"ye were strangers"

Fascinating how quick some folks are to cherry-pick a verse from Scripture when it suits them. When a very liberal columnist quotes a verse, watch out, is the usual sound advice. Sometimes, however, they do get it right. Case in point: the instructions the Lord gave to the Hebrews in Exodus Chapters 22 and 23, specifically 23:9:

… thou shalt not oppress a stranger: for ye know the heart of a stranger, seeing ye were strangers in the land of Egypt.

This verse was partially quoted by Harold Meyerson in his column today concerning a massive injustice about to be carried out on a family of illegal immigrants. Yes, the Gonzalez family are in the country illegally. At least in the technical sense as having been in violation of U.S. immigration law. The family settled in Jefferson City, Missouri, and has, according to Myerson’s column (and other sources I’ve been able to glean from the media) been both law abiding and productive. Other than immigration law, of course.

Sr. Gonzalez worked as a courier for then-governor Bob Holden in 2002, who fired him when he learned of his illegal status. Despite popular support in their community and from their church, the Gonzalez’ are about to be deported back to Costa Rica, that hotbed of jihadis. And this is the nub of the matter, which Myerson correctly identifies without alluding to the source of what would be right, and what is wrong, with this situation.

What is wrong with this situation is that the Gonzalez family is hardly a terrorist threat, which should be what drives our hardness on immigration law. The need to appear to be strong against terrorists is certainly what motivates much of this hardness of heart on the part of politicians and bureaucrats.

The source of how we should deal with strangers in our land is God, who instructed the Hebrews in the first place. God, who, in Exodus 22 and 23 lays down the laws that look, sound, and feel very much like Jesus’ second commandment, what we usually call the Golden Rule, and which is very much not being applied to the Gonzalez family: “Thou shalt love thy neighbour as thyself” (Matthew 22:39). Of course, it would be politically incorrect to make such an attribution in the Washington Post.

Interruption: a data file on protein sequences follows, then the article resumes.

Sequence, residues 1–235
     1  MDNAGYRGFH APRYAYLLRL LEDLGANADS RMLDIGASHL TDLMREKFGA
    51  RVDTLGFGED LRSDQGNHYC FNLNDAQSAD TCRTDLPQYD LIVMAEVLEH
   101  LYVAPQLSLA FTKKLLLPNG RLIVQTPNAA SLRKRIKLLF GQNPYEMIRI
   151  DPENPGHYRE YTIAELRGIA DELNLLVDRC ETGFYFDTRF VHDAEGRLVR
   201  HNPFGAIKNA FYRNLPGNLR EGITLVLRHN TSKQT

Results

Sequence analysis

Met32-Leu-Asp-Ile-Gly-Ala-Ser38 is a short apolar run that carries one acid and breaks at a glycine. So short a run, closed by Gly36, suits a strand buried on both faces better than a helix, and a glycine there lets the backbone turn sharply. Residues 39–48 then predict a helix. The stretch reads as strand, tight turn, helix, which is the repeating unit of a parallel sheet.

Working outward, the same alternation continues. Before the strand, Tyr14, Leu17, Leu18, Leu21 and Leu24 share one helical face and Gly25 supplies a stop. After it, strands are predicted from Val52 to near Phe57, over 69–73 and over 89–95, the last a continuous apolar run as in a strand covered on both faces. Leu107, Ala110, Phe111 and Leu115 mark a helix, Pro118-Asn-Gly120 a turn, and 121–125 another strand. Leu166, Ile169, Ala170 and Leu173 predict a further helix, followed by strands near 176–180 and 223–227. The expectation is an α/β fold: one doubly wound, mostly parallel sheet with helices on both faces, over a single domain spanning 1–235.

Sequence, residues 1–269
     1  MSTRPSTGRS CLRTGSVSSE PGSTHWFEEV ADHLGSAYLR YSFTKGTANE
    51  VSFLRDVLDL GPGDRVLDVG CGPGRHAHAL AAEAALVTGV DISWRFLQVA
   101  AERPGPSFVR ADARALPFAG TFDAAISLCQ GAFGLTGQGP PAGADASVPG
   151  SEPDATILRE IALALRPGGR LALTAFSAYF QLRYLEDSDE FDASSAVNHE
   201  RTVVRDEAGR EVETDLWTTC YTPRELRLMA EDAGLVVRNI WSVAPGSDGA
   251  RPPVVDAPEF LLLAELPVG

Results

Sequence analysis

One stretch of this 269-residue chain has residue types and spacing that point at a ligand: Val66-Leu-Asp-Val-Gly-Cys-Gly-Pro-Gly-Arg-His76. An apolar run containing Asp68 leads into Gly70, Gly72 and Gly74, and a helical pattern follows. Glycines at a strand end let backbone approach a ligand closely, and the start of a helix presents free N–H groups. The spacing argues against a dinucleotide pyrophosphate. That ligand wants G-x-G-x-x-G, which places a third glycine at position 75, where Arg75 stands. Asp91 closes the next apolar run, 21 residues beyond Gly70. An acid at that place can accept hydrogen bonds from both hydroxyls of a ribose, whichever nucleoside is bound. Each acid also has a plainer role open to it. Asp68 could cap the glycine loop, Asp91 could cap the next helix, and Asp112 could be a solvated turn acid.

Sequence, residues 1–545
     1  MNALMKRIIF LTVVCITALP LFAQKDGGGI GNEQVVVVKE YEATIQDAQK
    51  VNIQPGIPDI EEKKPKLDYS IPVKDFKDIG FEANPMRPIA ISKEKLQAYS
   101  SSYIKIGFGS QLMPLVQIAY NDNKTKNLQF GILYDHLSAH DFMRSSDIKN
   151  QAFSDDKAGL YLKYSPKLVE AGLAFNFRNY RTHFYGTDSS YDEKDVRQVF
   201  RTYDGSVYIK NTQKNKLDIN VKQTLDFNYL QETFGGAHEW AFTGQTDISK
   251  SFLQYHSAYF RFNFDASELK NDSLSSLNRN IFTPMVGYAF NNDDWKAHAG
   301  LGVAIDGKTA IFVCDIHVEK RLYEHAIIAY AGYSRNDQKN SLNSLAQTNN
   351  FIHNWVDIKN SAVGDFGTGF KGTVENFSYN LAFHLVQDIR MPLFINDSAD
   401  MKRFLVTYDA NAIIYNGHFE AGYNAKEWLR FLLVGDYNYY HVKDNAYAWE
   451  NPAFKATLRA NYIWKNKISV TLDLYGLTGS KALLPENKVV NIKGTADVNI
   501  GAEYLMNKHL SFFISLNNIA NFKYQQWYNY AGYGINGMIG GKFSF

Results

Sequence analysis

Yet that is why, in this instance, the law might have been broken, but a higher law should negate the man-made law. Surely we can find a way to temper the iron-clad meaning of the law with mercy? The problem becomes one of having the ability to stand up and proclaim that this family, though they broke the law, have otherwise demonstrated that they should be allowed to stay, and, in fact, welcomed into our American family.

Yes, yes, I know. Can’t show favoritism, and if we allow one family from Costa Rica to stay, how do we turn down a family from Saudi Arabia or Egypt? Simple, really. Change the law to allow judgments to be made on a case by case basis for families and for minor children, and allow waivers for certain specified periods of time (say, 10 years minimum) with exemplary behavior. And by all means, look into families from places known to be sources of jihad with much, much, greater scrutiny. Yes, that would be profiling, and it would be the exact right thing to do.

Now, it’s possible that the inner workings of immigration law do allow for this, and there are parts of the Gonzalez family story that are hidden and dark. It’s possible. Most likely, however, is that it has become the politically correct thing to show a hard face against illegal immigrants, regardless of the circumstances. It is for certain that Missouri’s senators have chosen not to take a stand, although Rep. Ike Skelton (D-MO) did go to bat for the family with Homeland Security — and was rebuffed by them.

Deporting the Gonzalez family may be the correct reading of the law. But it is not the correct reading of God’s law. God will always temper His justice with mercy. It is a lesson that we forget at our peril.

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